In June 2020, the Network For Greening the Financial System (NGFS), a network of central banks and supervisors willing to work on the “greening” of finance, published its first set of climate scenarios. The aim was clear: to help measure and manage financial climate risks. Despite being welcomed by the financial sector and put forward by the British presidency of COP26, these scenarios have dangerous shortcomings. The analysis conducted by Oil Change International and Reclaim Finance shows that they could cause a slowdown in the fight against climate change and an increase in the associated financial risks. The NGFS needs to turn the tide when revising its scenarios.

The NGFS scenarios were eagerly awaited by regulators and central banks, who intend to launch their first climate “stress tests”, as well as by financial players, who are looking for new tools to measure risks and alignment with climate objectives. The British presidency of COP26 proposed to make them models to be followed by the entire financial sector.

The intention of the NGFS is commendable, building a common working base for climate scenarios is particularly useful to ensure that the financial sector is moving in the right direction.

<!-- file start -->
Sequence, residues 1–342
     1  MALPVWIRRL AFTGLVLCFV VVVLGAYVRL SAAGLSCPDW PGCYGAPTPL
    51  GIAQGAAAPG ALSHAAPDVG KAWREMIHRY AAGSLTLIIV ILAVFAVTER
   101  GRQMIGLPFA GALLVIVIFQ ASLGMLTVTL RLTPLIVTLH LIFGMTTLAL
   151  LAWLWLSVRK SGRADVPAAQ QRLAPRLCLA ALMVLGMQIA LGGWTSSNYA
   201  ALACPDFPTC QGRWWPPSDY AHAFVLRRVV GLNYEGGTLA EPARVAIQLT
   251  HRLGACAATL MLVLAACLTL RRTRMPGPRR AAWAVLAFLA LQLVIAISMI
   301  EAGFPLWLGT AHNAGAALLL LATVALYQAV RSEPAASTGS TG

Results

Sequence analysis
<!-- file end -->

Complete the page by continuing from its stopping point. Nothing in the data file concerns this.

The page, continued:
However, its presentation choices and assumptions raise many questions. So much so that the published scenarios could lead to slow down climate action and increase the related financial risks:

  • The NGFS sets aside the 1.5°C scenarios and focuses on the 2°C scenarios. It distinguishes two “representative” scenarios that both target 2°C and qualifies all 1.5°C scenarios as “alternative”. These “alternative” scenarios are barely visible in the NGFS report. Therefore, despite IPCC warnings, the difference between a global warming of 1.5 and 2°C is minimized.
  • All the scenarios highlighted by the NGFS rely on high levels of carbon capture, technologies that are unlikely to be deployed on a large scale and which raise important sustainability and human rights concerns. Even the scenarios labeled “limited carbon capture (CDR)” imply a level of capture that exceeds the sustainable mitigation potential estimated in current scientific studies.
  • The use of CO2 capture and the low level of ambition mentioned above create a bias in favor of fossil fuels. In one of the NGFS reference scenarios, oil and gas production would be respectively 36% and 23% lower than in a “business as usual” scenario and coal would still be burned after 2050. Moreover, this same scenario only induces a 24% decrease in cumulative investment in fossil fuels from 2016 to 2050.

The NGFS must therefore revise its scenarios to position in their center a 1.5°C scenario adopting a precautionary approach on carbon capture. It must be transparent on the assumptions of its scenarios and emphasize the need for central banks and financial regulators to adopt concrete and rapid measures to eliminate their support to the fossil fuel sector.